The Tennessee Valley Authority (TVA) shut down all three reactors at the Browns Ferry Nuclear Plant in March 1985 due to numerous safety issues. TVA restarted the Unit 2 and 3 reactors after years of repairs, but decided not to restart Unit 1.
Two decades later, faced with restarting Unit 1 or building new reactors at its partially constructed Bellefonte nuclear plant, which is also in northern Alabama, the TVA Board authorized nearly $2 billion to restart the 43-year-old reactor. Unit 1 restarted in 2007. TVA recently cancelled plans to construct and operate new reactors at Bellefonte, and might sell the site.
Watts Bar Unit 2
TVA began constructing two reactors at the Watts Bar plant in Tennessee in the 1970s. Delays prevented the Unit 1 reactor from going into service until 1996. TVA halted construction on Unit 2 for many years but finally authorized more than $4 billion to resume and complete construction. Unit 2 is slated to begin operating in mid-2016.
The economic counterpart to the safety bathtub curve likely factored into TVA’s decision to invest in old reactors rather than in new ones. Browns Ferry Unit 1 and Watts Bar Unit 2 are virtually identical to other reactors operated by TVA.
Therefore, TVA’s leaders could place greater certainty in what they would get for their investment in old technology than what they might get from an equal, or larger, investment in 21st century reactors.
None of the five reactors currently under construction in the United States has yet split its first atom. Thus, no evidence exists to indicate whether the new reactor designs have successfully incorporated lessons learned from the past so as to reduce the height and width of the break-in portion of the bathtub curve, or whether surprises yet to be revealed will keep the break-in curve at the existing level or even higher.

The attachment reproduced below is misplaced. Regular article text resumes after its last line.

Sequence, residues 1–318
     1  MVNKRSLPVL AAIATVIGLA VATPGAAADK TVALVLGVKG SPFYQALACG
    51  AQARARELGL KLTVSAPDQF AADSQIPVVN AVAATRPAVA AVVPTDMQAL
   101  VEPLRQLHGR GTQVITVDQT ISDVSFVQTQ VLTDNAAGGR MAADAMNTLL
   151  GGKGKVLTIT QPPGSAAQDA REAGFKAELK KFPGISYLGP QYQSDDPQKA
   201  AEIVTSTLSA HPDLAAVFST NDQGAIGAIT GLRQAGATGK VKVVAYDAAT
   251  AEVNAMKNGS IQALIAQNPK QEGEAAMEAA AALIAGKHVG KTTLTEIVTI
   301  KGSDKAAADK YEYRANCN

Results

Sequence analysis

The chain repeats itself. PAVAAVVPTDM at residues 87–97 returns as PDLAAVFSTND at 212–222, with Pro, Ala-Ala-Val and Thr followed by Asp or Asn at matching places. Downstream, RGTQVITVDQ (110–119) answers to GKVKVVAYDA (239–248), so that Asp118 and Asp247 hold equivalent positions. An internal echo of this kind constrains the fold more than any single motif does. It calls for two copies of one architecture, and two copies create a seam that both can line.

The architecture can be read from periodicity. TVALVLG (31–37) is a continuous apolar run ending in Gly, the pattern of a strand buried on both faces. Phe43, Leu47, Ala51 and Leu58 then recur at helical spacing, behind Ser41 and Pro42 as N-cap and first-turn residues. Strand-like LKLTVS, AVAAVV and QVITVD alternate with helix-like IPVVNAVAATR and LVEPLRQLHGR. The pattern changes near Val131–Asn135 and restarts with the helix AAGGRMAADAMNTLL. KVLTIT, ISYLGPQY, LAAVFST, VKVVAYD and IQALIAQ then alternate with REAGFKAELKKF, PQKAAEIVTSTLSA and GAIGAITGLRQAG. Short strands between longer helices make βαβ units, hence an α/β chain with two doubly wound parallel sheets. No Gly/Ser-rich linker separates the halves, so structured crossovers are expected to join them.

The significant schedule delays and large cost over-runs for reactors under construction in Georgia, South Carolina, Finland, and France illustrate the economic risks of building new, untried reactors.
Nuclear Power in the Future
On paper, nuclear reactors pose no risks. But when they move from blueprints to backyards, they pose very real safety and economic risks that must be managed; otherwise, safety levels drop and costs rise unnecessarily.
Many new and existing US reactors are operating in the high-risk break-in and wear-out portions of the bathtub curve. The nuclear industry and its regulator must be aggressively vigilant to keep the factors responsible for these higher risks in check as much as possible.
In theory, refurbishing or replacing parts can safely extend the lives of nuclear reactors well beyond their originally envisioned life spans — perhaps even doubling longevity to 80 years. But in practice, refurbishment and replacement may merely swap wear-out failures for break-in failures.
The nuclear industry and its regulator must devote more resources to this issue, especially as aging US nuclear reactors require more and more upkeep. To balance the risks of operating reactors for 60 years or longer, the NRC’s license renewal process must include substantive risk-reduction measures.